Stoicism & Epicureanism: What’s the Difference?

Stoicism and Epicureanism were ancient rivals. And both philosophies are back. Which philosophy is right? Do you really have to choose? I think Stoicism and Epicureanism were rivals because of their similarities. They’re variations on a theme. Both philosophies explore how to live a virtuous life. Both see ataraxia (“without disturbance”) as a path toContinue reading “Stoicism & Epicureanism: What’s the Difference?”

Stoicism might not be a bummer after all

I heard the Dude is Epicurean. He follows the pleasure principle. Take ‘er easy. And he’s anything but unemotional. I’ve never heard anyone say Mr. Spock is a dude. But wait a minute. The Coen brothers film The Big Lebowski is a tale of the Dude being very unDude. This aggression will not stand, manContinue reading “Stoicism might not be a bummer after all”

Stoic & Epicurean rivalry

Both can agree that a virtuous life is usually more pleasurable. Stoics and Epicureans were ancient rivals. And some modern followers of these philosophies may feel inclined to perpetuate that rivalry. But it’s unnecessary. Stoics and Epicureans have different answers to what it means to live a good life. There’s no objective answer to thisContinue reading “Stoic & Epicurean rivalry”

“A Sage wants nothing but needs many things; a fool wants everything.”

At first I found Seneca’s words from his ninth letter to Lucilius confusing. Seneca opens his letter explaining a common misconception: “Lack of feeling” in Stoicism means “a soul which rejects any sensation of evil,” not lack of emotion. That is, Sages “feel their troubles but overcome them.” A Sage has friends but also isContinue reading ““A Sage wants nothing but needs many things; a fool wants everything.””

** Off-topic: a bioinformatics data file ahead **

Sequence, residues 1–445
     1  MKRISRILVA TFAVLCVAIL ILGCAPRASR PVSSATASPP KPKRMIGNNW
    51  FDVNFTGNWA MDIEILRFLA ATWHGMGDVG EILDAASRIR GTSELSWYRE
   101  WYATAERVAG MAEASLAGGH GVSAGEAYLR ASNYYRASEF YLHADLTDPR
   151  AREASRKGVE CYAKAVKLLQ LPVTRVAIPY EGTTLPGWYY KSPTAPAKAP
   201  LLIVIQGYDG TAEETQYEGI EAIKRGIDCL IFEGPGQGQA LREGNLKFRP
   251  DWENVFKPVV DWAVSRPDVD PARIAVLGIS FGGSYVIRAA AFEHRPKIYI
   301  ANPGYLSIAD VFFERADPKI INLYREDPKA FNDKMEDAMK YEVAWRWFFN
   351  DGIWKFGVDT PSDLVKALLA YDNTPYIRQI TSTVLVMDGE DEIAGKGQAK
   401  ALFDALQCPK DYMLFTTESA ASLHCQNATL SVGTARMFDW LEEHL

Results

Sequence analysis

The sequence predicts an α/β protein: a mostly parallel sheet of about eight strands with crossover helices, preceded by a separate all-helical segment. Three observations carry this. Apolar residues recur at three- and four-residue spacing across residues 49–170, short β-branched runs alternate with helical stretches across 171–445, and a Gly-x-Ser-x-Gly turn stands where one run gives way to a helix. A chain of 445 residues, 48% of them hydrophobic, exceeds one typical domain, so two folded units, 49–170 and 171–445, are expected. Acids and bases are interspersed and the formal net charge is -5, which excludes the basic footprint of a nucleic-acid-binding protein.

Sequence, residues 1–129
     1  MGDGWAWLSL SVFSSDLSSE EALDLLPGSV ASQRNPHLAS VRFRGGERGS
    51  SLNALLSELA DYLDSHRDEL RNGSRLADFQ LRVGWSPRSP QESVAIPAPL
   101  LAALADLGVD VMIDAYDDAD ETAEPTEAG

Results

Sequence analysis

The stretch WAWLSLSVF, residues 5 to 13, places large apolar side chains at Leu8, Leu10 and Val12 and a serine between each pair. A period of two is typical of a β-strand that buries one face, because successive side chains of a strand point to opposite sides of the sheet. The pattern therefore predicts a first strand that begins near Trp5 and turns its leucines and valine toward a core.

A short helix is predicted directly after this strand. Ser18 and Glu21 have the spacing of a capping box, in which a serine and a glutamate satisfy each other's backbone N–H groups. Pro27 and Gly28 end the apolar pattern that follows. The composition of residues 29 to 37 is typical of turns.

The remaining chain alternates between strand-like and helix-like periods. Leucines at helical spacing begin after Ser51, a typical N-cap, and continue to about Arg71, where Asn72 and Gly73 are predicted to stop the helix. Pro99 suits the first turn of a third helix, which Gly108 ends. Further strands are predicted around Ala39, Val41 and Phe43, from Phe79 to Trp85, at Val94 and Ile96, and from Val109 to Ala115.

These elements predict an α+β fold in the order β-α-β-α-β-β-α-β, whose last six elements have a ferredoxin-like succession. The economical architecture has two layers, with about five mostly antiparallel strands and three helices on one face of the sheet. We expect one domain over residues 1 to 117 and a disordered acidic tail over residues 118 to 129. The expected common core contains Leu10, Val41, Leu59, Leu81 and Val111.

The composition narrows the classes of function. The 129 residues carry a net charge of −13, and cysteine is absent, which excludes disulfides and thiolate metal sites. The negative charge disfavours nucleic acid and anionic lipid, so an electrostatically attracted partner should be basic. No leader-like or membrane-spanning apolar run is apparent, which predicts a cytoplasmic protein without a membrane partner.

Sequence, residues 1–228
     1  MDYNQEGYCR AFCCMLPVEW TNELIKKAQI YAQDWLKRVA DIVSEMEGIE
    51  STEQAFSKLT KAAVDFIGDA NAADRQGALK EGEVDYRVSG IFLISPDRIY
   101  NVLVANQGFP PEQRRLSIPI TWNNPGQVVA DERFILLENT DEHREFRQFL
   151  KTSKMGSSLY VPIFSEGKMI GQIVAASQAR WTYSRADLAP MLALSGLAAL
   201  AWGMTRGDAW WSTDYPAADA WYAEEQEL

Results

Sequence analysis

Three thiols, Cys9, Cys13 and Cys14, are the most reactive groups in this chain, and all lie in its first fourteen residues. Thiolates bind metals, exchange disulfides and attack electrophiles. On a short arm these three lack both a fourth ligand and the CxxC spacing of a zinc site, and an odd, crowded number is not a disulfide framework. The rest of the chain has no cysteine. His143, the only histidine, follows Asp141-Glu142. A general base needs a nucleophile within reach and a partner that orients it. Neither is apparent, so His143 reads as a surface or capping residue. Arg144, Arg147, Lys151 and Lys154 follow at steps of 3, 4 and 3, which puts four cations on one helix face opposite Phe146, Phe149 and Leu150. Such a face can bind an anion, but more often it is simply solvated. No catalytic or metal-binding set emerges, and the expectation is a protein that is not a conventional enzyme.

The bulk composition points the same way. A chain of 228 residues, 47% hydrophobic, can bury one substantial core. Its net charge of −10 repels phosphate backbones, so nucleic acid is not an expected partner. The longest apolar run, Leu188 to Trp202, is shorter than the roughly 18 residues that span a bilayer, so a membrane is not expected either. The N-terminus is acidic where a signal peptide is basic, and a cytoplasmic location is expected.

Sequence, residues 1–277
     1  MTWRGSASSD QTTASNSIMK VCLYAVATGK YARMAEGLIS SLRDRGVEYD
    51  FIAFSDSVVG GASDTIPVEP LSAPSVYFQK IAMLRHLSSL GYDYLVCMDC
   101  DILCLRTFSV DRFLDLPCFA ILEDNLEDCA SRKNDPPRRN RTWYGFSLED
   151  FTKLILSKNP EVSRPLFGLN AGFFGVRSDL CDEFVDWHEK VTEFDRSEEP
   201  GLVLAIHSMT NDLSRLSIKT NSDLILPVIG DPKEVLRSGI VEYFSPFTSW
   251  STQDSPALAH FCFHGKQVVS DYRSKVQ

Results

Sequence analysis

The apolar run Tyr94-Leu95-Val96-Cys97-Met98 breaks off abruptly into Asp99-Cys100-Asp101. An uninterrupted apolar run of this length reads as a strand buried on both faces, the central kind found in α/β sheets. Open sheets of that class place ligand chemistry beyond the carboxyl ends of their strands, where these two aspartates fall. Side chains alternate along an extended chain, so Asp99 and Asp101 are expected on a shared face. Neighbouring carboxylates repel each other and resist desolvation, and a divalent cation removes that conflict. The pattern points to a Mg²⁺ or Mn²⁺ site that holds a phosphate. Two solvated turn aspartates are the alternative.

Marcus Aurelius: Pleasure & pain

Stoics and Epicureans have serious disagreements about pleasure and pain. Marcus Aurelius articulates why the Stoic view is best for human flourishing. From Meditations by Marcus Aurelius Don’t fear pain or seek pleasure The human soul degrades itself when it is overpowered by pleasure or pain (2.16). To fear pain is to fear something that’s bound toContinue reading “Marcus Aurelius: Pleasure & pain”

Marcus Aurelius: Meditations on justice & providence

Marcus Aurelius claimed that everything that happens is just (4.10). This is so because divine providence determines everything (4.26). But his view is irrational because if everything is just then injustice doesn’t exist. Yet, if justice – the basis of all Stoic virtue (11.10) – is moot then Stoic virtue also is moot. Ancient Epicureans criticized Stoicism alongContinue reading “Marcus Aurelius: Meditations on justice & providence”

Nature, the Universe & the Meditations of Marcus Aurelius

Marcus Aurelius believed in an interconnected universe where everything is just and happens according to divine will – even if that means you’re oppressed. Modern science has not vindicated the ancient Stoic view of nature. Their rivals – the Epicureans – believed that nature is atomistic, impersonal, and that divine providence doesn’t exist.  From Meditations byContinue reading “Nature, the Universe & the Meditations of Marcus Aurelius”